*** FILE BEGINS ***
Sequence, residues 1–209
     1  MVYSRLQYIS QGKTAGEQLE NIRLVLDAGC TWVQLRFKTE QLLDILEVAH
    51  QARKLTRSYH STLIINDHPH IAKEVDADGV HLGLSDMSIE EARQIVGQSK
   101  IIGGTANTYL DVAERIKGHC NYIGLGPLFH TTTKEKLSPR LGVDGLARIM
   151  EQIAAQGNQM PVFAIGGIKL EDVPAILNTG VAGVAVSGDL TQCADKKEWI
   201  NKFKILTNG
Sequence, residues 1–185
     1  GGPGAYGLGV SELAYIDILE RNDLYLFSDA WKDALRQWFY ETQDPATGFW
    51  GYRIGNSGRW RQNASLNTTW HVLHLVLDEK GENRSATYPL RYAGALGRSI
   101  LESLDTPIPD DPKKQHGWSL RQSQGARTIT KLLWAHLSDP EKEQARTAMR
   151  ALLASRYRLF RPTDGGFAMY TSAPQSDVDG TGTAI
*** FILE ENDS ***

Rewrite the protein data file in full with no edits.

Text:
Sequence, residues 1–209
     1  MVYSRLQYIS QGKTAGEQLE NIRLVLDAGC TWVQLRFKTE QLLDILEVAH
    51  QARKLTRSYH STLIINDHPH IAKEVDADGV HLGLSDMSIE EARQIVGQSK
   101  IIGGTANTYL DVAERIKGHC NYIGLGPLFH TTTKEKLSPR LGVDGLARIM
   151  EQIAAQGNQM PVFAIGGIKL EDVPAILNTG VAGVAVSGDL TQCADKKEWI
   201  NKFKILTNG
Sequence, residues 1–185
     1  GGPGAYGLGV SELAYIDILE RNDLYLFSDA WKDALRQWFY ETQDPATGFW
    51  GYRIGNSGRW RQNASLNTTW HVLHLVLDEK GENRSATYPL RYAGALGRSI
   101  LESLDTPIPD DPKKQHGWSL RQSQGARTIT KLLWAHLSDP EKEQARTAMR
   151  ALLASRYRLF RPTDGGFAMY TSAPQSDVDG TGTAI